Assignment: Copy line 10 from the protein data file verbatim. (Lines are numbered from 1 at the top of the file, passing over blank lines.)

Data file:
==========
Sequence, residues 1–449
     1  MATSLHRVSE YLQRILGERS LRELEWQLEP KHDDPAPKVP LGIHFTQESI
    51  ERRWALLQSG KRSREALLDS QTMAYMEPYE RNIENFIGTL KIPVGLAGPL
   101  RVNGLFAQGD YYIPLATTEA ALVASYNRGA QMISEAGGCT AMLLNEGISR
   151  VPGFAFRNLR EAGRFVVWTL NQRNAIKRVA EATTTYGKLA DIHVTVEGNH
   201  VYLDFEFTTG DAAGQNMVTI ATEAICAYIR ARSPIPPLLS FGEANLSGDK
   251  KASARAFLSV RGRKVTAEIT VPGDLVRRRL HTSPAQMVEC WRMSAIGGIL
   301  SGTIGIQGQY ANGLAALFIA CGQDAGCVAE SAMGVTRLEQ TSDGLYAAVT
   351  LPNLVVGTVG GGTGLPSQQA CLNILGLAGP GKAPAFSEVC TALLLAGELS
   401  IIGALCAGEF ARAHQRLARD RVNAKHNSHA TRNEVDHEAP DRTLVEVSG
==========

   401  IIGALCAGEF ARAHQRLARD RVNAKHNSHA TRNEVDHEAP DRTLVEVSG